8. ^ The career of the Olympia Hermes reputation was summed up by R. E. Wycherley, "Pausanias and Praxiteles" Hesperia Supplements 20 (Studies in Spartan Architecture, Sculpture and Topography. Presented to Ion A. Thompson, 1982), pp. 182–191. Wycherley's advice was to trust to the judgment of Pausanias in this matter.
  9. ^ "Sutor supra Crepidam" A.J.A 44 (1940) pp 366-67.
  10. ^ Anacharsis (7).
  11. ^ Illustration of a cast.
  12. ^ Furtwängler, Meisterwerken der Griechischen Plastik, 1893.
  13. ^ Margaret Wyndham, Catalogue of the Collection of Greek and Roman Antiquities in the possession of Lord Leconfield (London:Medici Society) 1916.
  14. ^ "British Museum Highlights". Archived from the original on 2015-10-18. Retrieved 2017-06-15.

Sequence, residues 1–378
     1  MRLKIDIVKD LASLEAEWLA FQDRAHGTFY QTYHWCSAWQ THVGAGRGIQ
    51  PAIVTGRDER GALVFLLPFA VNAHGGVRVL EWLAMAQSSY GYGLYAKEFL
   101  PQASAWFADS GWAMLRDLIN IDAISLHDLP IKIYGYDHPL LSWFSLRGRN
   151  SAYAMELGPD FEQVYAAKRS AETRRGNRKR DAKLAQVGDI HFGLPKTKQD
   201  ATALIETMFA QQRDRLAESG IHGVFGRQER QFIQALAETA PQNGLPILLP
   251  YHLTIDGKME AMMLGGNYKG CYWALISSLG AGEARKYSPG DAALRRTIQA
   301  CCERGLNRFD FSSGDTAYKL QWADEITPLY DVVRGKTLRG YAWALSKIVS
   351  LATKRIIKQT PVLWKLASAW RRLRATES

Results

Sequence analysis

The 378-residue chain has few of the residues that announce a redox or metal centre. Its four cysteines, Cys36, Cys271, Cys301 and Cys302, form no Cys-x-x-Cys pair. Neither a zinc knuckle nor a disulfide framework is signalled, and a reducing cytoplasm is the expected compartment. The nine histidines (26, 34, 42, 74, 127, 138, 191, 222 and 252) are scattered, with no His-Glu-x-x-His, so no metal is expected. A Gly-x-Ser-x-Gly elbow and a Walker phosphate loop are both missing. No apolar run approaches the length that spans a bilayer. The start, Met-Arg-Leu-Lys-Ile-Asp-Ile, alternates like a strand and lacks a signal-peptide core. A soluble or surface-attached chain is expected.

15. ^ Rizzo G.-E., Prassitele (Milan – Rome 1932), p. 13. Lacroix L., Les reproductions de statues sur les monnaies grecques (Liége 1949), pp. 309–310; Corso A., Prassitele. Fonti Εpigrafiche e letterarie. Vita et opere, vol. 1 (Roma 1988), pp. 182–184. Rolley C., La Sculpture Grecque 2, La période classique (Paris 1999), p. 244.
  16. ^ Sideris Α., “Antikyra: An ancient Phokian City”, Emvolimo 43–44 (Spring–Summer 2001) pp. 123–124 (in Greek).
  17. ^ Published in Supplementum Epigraphicum Graec. 49-567.
  18. ^ B.S. Ridgway, op. cit., p.265; Pasquier and Martinez, op. cit., p.20 and pp.83–84.

References

Bibliography

  • Aileen Ajootian, "Praxiteles", Personal Styles in Greek Sculpture (ed. Olga Palagia and J. J. Pollitt), Cambridge University Press, 1998 (1st publication 1996) (ISBN 0-521-65738-5), pp. 91–129.